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Consider a mobile chess app which allows to play correspondence chess.

Some apps, like this one, state that they'll punish someone (e.g. disable their account) if they discover that the person is cheating.

Is that really possible to reliably know if someone is cheating (e.g. uses a chess engine to decide on the next move)?

Are there any heuristics that can exist in the app that will calculate the probability that player is cheating?

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The answer is, "Yes." See this article:

http://www.uschess.org/content/view/12677/763

Does your phone application have this capability? Probably no... yes! So don't do it!

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When someone is playing the computers suggestion 10 moves in a row then I would be convinced that he is cheating. Humans can also detect it since there are true "computer moves" that are nearly impossible to find for humans and that look very artificial. But you also have to consider the case in which the app developers just wrote this as a deterrent.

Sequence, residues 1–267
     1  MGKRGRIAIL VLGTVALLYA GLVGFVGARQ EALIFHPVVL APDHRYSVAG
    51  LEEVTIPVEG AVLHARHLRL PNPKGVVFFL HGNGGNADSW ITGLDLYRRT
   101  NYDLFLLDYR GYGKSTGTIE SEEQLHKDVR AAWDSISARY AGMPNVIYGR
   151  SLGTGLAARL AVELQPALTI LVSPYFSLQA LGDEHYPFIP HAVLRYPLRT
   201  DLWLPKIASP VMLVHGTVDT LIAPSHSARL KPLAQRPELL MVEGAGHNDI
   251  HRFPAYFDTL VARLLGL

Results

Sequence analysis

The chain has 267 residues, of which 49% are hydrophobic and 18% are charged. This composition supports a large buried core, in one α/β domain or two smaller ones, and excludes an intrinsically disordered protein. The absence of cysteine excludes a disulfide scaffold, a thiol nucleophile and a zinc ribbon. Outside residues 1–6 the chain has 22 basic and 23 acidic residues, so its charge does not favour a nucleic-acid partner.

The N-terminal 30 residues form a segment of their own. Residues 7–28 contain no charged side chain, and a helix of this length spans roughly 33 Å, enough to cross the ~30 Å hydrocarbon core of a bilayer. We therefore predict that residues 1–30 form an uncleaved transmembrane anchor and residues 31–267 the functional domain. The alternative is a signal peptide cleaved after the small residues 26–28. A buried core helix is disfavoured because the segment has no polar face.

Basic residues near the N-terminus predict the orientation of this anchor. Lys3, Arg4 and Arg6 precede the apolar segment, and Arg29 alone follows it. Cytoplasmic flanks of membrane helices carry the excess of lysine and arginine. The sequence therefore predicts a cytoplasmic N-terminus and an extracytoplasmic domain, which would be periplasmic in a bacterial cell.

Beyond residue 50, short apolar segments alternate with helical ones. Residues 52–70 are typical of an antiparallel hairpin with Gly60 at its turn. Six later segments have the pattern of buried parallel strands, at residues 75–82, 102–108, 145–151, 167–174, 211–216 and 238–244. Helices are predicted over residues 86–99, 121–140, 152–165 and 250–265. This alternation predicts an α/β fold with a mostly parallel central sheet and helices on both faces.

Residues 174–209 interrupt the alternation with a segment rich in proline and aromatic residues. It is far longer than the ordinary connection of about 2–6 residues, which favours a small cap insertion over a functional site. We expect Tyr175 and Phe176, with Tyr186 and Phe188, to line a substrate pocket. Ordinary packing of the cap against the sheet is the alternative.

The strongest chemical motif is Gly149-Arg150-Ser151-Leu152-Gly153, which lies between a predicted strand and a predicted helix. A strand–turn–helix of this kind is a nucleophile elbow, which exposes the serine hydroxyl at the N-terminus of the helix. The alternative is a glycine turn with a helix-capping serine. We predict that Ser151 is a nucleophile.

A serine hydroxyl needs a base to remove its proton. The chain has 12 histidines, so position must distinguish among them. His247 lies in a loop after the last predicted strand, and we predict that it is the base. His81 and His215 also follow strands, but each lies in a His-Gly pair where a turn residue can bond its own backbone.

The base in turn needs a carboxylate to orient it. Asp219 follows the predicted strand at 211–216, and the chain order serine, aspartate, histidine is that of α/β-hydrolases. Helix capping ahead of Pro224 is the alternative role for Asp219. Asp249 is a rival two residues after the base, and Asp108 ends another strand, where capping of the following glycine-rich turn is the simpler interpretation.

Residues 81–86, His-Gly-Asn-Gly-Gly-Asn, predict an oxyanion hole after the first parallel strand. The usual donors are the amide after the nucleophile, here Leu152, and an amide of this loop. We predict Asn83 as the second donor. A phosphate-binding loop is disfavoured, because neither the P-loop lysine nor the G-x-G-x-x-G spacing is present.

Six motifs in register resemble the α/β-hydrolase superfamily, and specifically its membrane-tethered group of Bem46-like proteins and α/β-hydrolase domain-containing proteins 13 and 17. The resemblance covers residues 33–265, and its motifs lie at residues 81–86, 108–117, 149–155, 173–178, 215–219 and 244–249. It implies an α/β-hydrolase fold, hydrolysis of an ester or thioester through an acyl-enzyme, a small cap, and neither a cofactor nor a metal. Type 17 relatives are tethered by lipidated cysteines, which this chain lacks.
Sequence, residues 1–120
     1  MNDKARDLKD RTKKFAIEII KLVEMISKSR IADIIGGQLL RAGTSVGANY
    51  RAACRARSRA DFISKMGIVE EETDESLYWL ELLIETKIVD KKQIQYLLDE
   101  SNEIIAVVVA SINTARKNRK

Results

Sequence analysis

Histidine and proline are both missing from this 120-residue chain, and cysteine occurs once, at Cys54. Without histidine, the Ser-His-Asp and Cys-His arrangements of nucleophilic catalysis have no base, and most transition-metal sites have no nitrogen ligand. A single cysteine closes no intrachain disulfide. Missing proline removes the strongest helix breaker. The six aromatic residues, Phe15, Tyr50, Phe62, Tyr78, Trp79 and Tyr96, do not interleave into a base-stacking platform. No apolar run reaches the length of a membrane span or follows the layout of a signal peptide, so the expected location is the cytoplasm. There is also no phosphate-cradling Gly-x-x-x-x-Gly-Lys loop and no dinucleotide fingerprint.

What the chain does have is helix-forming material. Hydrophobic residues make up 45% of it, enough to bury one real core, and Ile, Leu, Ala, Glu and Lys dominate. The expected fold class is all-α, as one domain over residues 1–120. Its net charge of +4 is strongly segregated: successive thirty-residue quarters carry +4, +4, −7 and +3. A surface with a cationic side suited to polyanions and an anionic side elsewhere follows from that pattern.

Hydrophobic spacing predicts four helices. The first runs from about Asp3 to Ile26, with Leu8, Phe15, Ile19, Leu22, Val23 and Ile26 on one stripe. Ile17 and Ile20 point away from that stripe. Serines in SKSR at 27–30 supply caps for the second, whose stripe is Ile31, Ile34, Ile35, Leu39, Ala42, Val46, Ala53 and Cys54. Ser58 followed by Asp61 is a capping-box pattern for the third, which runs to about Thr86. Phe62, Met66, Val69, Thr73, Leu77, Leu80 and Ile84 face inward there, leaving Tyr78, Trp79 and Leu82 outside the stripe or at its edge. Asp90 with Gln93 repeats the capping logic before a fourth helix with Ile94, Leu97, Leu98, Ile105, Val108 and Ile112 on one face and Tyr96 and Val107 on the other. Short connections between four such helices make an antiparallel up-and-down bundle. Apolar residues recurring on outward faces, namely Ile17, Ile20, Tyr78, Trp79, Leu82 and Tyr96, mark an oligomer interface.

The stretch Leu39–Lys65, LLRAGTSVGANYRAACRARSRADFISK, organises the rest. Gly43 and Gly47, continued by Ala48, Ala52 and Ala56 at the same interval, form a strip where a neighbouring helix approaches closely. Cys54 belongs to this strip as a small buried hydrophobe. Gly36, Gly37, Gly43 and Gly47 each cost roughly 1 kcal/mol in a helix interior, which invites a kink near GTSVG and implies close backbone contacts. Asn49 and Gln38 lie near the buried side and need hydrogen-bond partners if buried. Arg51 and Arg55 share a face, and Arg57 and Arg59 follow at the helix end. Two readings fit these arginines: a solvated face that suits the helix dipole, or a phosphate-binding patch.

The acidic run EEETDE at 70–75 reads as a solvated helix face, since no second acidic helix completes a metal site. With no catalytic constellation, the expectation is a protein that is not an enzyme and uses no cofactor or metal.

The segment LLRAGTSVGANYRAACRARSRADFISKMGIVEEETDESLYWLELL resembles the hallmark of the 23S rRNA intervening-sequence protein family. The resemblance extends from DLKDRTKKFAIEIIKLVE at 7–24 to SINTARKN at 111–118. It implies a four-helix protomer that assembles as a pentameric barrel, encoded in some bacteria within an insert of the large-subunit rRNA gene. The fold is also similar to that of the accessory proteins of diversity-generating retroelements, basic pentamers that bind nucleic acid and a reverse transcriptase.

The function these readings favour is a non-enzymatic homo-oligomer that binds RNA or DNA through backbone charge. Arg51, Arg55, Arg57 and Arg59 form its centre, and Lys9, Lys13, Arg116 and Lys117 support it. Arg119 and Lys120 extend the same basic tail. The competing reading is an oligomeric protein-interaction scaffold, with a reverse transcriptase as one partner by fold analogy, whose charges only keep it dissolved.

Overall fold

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As far as I have researched on the aspect of using engine assistance (in live games, let alone correspondence games), I had reached an understanding that it is almost close to impossible to detect it. Except for some moves as mentioned by SomePatzer in his answer, which experts can determine is engine like (with high probability in comparison with the player's level). With the option of Multi-PV in UCI engines, which gives "n" best moves in a given situation, a not so monotonous cheater, would choose the move among these n moves in random. So clearly it cannot be detected.

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